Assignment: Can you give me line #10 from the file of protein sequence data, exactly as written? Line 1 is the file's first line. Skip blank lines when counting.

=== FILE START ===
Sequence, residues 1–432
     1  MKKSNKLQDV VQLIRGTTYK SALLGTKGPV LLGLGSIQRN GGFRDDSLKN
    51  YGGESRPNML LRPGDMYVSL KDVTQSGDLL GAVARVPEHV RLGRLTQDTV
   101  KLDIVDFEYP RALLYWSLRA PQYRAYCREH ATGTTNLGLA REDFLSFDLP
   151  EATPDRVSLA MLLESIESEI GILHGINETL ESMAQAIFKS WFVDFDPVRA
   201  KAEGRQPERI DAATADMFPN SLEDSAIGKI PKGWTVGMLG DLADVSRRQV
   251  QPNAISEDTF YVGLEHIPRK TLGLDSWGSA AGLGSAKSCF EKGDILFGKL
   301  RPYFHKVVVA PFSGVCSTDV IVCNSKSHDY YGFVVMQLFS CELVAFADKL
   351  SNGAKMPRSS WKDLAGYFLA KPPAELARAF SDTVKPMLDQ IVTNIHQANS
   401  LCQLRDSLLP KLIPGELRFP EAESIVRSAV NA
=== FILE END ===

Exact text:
   401  LCQLRDSLLP KLIPGELRFP EAESIVRSAV NA